Remembering village men who went to war

John Hardy during his talk at Morpeth Rotary Club
John Hardy during his talk at Morpeth Rotary Club
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Morpeth rotary club

John Hardy was born at Chevington Drift Village, about 12 miles from Morpeth.

It was a village that people did not often leave and if they did, it was never very far away and they always came home.

The village has now gone, but memories linger on and John began to take a special interest in the First World War when he visited the War Memorial in St John’s Parish Churchyard, Chevington, one Remembrance Day.

He had passed it many times, but had not given it much thought. He had been to the Military Cemetery in France, where his Great Uncle Gladstone Hardy was buried. That grave was one of many thousands maintained by the Commonwealth War Graves Commission.

This set John thinking about how many people in Chevington Drift had perished in the war and how tragic it was that no one remembered them.

On the memorial are the names of more than 100 men and boys who had died in the two World Wars. He felt the world needed to know about their bravery and decided to do some research.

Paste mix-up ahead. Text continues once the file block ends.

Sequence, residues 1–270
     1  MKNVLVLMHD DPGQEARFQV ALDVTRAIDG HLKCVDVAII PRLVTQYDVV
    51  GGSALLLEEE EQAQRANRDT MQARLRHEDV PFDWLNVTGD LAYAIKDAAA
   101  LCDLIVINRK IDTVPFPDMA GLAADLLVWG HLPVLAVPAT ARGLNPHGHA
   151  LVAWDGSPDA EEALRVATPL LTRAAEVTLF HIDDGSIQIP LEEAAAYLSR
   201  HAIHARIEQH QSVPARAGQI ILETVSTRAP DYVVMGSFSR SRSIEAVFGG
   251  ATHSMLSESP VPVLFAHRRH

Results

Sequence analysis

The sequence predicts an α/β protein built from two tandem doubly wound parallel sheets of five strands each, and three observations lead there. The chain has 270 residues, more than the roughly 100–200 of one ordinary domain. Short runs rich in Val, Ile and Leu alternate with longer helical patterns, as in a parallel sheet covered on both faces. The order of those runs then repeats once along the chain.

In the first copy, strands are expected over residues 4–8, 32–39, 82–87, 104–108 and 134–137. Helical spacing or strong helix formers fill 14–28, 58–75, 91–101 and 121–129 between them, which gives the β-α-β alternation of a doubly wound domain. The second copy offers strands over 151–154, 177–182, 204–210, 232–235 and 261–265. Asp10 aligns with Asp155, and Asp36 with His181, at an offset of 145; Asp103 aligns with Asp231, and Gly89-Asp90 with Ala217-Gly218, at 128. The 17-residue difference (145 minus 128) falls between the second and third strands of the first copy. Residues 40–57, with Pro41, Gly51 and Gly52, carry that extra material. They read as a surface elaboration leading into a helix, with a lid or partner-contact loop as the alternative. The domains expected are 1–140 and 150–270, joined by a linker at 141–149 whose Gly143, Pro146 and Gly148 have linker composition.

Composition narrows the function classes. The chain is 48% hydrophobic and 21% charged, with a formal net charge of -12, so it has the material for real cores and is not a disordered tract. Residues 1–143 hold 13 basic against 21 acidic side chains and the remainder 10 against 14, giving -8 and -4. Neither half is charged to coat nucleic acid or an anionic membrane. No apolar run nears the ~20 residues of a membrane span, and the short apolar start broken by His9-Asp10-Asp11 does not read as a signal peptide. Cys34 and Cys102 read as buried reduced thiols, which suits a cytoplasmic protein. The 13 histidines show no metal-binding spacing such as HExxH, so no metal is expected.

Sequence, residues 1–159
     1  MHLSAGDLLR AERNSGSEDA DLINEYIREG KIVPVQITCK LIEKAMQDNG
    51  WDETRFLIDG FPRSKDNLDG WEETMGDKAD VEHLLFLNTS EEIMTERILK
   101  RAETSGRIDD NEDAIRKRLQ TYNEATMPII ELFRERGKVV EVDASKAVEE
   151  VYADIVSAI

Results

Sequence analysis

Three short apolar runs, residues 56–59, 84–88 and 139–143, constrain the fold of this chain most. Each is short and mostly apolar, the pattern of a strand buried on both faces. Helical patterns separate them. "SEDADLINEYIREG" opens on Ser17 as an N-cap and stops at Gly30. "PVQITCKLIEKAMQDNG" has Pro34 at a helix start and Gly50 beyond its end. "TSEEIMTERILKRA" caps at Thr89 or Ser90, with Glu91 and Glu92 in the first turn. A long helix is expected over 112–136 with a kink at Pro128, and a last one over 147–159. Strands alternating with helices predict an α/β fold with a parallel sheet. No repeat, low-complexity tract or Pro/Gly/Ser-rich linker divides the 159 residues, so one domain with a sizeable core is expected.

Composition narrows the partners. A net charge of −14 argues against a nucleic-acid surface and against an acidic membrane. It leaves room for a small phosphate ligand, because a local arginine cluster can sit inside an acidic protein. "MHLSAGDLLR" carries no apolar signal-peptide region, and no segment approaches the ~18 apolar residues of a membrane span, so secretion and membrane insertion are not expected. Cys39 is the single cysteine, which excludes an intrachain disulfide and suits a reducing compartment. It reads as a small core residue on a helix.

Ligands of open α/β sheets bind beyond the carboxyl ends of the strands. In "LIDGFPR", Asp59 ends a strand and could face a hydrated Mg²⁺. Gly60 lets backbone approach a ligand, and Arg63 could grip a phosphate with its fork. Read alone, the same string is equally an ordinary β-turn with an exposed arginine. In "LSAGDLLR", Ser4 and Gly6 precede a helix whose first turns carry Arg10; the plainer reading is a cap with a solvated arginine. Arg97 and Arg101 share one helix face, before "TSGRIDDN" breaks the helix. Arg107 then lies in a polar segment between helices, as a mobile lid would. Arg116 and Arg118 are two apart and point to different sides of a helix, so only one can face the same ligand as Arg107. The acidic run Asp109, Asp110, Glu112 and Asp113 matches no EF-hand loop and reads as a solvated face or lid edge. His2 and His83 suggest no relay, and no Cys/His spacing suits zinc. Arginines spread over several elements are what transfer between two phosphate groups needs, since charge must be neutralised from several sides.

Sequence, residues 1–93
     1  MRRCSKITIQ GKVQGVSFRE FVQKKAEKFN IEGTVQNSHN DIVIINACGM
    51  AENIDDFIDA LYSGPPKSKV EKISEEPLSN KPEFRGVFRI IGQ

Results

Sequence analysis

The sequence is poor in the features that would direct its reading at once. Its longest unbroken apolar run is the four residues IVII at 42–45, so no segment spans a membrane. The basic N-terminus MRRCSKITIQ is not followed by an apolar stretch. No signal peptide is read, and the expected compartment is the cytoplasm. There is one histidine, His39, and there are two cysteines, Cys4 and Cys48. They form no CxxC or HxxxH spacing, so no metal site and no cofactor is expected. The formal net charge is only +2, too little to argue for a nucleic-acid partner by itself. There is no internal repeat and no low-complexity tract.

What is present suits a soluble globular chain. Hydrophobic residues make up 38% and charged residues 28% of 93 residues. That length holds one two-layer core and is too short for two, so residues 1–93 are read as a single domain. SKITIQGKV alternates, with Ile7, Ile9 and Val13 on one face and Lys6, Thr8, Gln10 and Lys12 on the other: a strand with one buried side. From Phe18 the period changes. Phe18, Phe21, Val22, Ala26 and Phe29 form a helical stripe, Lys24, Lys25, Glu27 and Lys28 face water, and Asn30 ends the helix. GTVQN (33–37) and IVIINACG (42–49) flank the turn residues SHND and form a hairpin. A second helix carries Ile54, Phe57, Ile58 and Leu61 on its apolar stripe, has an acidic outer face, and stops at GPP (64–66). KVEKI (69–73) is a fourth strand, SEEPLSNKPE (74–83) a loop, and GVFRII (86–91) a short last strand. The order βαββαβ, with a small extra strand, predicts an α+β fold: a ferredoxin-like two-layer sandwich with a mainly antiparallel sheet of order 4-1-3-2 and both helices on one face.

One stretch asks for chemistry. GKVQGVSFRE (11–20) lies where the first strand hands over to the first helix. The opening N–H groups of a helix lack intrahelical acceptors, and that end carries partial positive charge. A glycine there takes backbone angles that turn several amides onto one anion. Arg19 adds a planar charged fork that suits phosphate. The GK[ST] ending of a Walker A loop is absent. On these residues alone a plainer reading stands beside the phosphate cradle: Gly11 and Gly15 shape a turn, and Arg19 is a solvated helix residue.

He started by enrolling on a course of Poetry and Literature of the First World War at Northumberland College. He did not enjoy the literature, but really enjoyed the poetry.

At the end, he went to Belgium and France to visit two cemeteries. It touched him very deeply. He discovered the grave of his uncle buried between two other soldiers from Northumberland. They had been killed on the same day — Lance Corporal William Hunter from Tweedmouth and Private James William Henderson.

He carried on with his research of the memorial and found that he had lots of other relations who had been missing. It was one revelation after another.

Everyone was surprised to discover that so many people on the memorial were related to each other.

He even discovered that William Henderson had been put on by mistake. He was in the war and lost a leg, but survived.

John then read a poem from the First World War that was very moving.

When doing his research, he was particularly concerned about the sensitivities of friends and relatives still living in the area.

He had amassed such a wealth of information on so many men that he felt it should be made into a book.

With funding from Amble History Group and Northumberland County Council, he produced By The Green Of The Spring in 2004.

He had also collected a large number of photographs and illustrations, including cartoons drawn by a soldier named Herbert Gibson of the Medical Corps. There were many pictures of men going off to war and a number from Passchendaele.

He felt that Northerners were not given much credit for what they contributed to the war effort.

It was a very interesting talk and spoken from the heart by someone who cares very much for the past and his local area. He thought that those who died for their country should be remembered forever. He is working on another book that he hopes to finish soon. He ended with another World War I poem, which was very moving.

Martyn Jenkins gave a vote of thanks for such a riveting talk and he was sure that all the members had enjoyed listening and learning about the history and traditions of a locality so close to Morpeth.